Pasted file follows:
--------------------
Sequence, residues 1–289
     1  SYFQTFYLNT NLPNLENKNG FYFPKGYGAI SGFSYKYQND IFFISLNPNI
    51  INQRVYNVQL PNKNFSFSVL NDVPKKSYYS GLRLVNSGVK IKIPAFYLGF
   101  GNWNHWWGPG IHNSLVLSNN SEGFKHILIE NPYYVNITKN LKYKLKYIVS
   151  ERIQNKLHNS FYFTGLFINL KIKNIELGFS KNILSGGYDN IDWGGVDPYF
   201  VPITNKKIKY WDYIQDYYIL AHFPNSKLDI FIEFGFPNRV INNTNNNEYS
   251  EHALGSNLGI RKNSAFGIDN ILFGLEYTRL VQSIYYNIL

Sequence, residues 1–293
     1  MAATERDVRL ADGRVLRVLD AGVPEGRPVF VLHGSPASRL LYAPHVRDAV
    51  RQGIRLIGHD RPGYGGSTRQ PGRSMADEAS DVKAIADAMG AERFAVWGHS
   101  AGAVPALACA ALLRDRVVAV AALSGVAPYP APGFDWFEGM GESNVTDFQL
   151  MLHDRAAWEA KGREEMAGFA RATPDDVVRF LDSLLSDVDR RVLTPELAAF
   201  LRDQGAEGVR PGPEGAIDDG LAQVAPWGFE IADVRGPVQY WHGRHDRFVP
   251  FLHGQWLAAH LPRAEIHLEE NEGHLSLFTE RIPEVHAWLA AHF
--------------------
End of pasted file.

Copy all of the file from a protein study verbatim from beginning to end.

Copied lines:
Sequence, residues 1–289
     1  SYFQTFYLNT NLPNLENKNG FYFPKGYGAI SGFSYKYQND IFFISLNPNI
    51  INQRVYNVQL PNKNFSFSVL NDVPKKSYYS GLRLVNSGVK IKIPAFYLGF
   101  GNWNHWWGPG IHNSLVLSNN SEGFKHILIE NPYYVNITKN LKYKLKYIVS
   151  ERIQNKLHNS FYFTGLFINL KIKNIELGFS KNILSGGYDN IDWGGVDPYF
   201  VPITNKKIKY WDYIQDYYIL AHFPNSKLDI FIEFGFPNRV INNTNNNEYS
   251  EHALGSNLGI RKNSAFGIDN ILFGLEYTRL VQSIYYNIL

Sequence, residues 1–293
     1  MAATERDVRL ADGRVLRVLD AGVPEGRPVF VLHGSPASRL LYAPHVRDAV
    51  RQGIRLIGHD RPGYGGSTRQ PGRSMADEAS DVKAIADAMG AERFAVWGHS
   101  AGAVPALACA ALLRDRVVAV AALSGVAPYP APGFDWFEGM GESNVTDFQL
   151  MLHDRAAWEA KGREEMAGFA RATPDDVVRF LDSLLSDVDR RVLTPELAAF
   201  LRDQGAEGVR PGPEGAIDDG LAQVAPWGFE IADVRGPVQY WHGRHDRFVP
   251  FLHGQWLAAH LPRAEIHLEE NEGHLSLFTE RIPEVHAWLA AHF